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"BIogeochemical cycles, Sea Ice and CLimate in the Polar Oceans" (BISICLO)
Date du début: 1 oct. 2012, Date de fin: 30 sept. 2016 PROJET  TERMINÉ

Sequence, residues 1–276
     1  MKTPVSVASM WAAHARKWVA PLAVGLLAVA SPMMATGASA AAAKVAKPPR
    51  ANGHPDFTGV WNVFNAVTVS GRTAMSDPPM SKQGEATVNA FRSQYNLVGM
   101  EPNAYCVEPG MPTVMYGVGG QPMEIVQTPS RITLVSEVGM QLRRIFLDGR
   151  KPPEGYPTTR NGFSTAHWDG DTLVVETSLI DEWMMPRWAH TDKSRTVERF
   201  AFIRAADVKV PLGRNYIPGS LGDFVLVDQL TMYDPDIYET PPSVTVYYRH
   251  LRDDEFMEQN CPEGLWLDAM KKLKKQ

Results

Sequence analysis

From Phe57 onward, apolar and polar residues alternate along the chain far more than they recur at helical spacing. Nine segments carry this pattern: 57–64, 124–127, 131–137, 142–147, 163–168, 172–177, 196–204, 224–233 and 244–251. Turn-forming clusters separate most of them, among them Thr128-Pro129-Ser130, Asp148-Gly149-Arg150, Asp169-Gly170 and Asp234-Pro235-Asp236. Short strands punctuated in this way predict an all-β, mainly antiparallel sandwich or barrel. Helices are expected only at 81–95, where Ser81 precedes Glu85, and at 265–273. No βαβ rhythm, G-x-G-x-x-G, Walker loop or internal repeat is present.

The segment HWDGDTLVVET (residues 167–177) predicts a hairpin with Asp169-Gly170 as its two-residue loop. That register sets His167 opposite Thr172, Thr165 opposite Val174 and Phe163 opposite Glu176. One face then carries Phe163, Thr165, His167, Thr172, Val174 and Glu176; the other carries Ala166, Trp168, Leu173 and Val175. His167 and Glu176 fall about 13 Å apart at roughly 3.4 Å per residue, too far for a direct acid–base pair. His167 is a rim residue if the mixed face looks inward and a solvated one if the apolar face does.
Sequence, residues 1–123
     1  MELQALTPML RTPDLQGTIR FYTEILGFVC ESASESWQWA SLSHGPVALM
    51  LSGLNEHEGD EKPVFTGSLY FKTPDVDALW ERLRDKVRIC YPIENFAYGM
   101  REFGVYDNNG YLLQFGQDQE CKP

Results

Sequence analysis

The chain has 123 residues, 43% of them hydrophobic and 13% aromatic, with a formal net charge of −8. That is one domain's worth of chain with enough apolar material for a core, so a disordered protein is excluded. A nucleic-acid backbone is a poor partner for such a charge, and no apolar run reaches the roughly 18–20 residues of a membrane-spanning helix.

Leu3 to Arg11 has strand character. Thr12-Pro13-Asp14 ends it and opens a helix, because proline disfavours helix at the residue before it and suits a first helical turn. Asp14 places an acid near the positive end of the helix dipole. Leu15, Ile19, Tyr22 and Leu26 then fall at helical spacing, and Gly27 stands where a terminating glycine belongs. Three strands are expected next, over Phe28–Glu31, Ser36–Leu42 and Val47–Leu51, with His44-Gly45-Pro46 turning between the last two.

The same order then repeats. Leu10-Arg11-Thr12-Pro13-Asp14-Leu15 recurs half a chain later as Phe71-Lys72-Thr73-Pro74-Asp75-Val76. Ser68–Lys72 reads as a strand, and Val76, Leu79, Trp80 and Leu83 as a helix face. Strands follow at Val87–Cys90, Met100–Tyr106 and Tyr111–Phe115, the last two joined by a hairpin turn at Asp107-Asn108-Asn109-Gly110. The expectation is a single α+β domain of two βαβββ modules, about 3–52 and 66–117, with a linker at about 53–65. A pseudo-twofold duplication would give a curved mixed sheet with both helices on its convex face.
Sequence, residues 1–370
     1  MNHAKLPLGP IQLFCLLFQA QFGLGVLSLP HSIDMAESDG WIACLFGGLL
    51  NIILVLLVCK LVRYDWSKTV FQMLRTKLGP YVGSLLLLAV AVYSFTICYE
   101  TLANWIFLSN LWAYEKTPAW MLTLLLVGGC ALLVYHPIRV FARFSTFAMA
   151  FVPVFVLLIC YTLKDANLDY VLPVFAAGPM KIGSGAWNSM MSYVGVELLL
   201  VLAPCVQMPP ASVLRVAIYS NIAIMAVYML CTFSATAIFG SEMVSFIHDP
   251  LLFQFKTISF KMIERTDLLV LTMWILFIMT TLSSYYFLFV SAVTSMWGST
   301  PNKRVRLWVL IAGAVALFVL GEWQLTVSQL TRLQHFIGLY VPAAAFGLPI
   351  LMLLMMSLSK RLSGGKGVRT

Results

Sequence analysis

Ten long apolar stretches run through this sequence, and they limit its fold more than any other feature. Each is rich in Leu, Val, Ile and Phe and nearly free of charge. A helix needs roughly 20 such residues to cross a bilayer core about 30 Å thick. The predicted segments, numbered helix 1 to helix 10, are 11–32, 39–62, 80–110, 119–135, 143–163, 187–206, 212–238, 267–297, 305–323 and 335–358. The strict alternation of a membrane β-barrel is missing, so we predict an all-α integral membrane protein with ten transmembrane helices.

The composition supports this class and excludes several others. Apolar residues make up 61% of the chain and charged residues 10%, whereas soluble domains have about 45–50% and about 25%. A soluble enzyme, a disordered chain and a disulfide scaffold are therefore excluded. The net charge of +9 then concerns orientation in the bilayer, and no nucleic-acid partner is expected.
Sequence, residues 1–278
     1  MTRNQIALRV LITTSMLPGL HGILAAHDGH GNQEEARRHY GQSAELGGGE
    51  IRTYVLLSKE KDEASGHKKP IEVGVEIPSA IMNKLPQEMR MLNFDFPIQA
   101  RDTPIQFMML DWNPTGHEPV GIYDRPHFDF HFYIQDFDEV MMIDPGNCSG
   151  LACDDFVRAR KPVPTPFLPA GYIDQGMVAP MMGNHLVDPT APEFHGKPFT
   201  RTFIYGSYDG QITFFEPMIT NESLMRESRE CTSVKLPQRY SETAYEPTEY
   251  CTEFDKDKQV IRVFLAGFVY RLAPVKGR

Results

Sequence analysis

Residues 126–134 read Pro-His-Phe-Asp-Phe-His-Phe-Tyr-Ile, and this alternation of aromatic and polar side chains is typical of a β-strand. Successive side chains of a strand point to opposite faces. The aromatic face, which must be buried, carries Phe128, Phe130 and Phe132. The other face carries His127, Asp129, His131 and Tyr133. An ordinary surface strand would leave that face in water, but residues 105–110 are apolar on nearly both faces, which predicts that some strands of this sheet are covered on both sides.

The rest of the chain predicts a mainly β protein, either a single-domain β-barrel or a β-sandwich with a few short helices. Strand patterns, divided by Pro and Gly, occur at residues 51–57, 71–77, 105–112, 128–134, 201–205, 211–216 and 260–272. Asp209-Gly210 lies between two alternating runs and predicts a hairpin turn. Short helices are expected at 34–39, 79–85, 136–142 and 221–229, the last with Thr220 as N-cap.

"Recent field studies indicate an active biogeochemistry within sea ice. The latter is characterized by significant primary production, large loads of iron, and fluxes of climatically significant biogases, namely carbon dioxide (CO2) and dimethyl-sulfide (DMS). The role of sea ice in the carbon cycle and climate system via a large-scale action on ocean biogeochemistry is relatively poorly studied, potentially important and missing in Earth System Models.In this project, it is proposed to explore this role, in particular via an impact on carbon and iron cycles. The specific contribution of the relevant processes on carbon production and export at depth – be those processes physical (light, vertical mixing) or biogeochemical (nutrients, release of micro-algae, iron, heterotrophic feeding) – will be studied. In addition, an attempt to quantify the uncertainties associated with under-sampling and poor understanding of the processes involved will be made.The proposed analysis relies on a synthesis of existing observation data in both Polar Regions, on the development of numerical modeling tools, and on the analysis of numerical simulations both at local and global scales. In particular, the role of the specific processes at work will be studied via sensitivity experiments. The modeling tools include: (i) a one-dimensional sea ice model for the study of local-scale processes and (ii) NEMO, a numerical modeling system of the blue, white and green ocean (ocean, sea ice, and biogeochemistry) at large scales. As this ocean modeling system is part of a state-of-the-art climate model, it will be further possible to evaluate the role of sea ice on carbon cycle and climate.The project should take part into the reduction of uncertainties on climate and carbon cycle-climate projections in the Polar Regions and orient future observation campaigns. By directly implementing the developments directly in NEMO, this project should benefit to a wide community."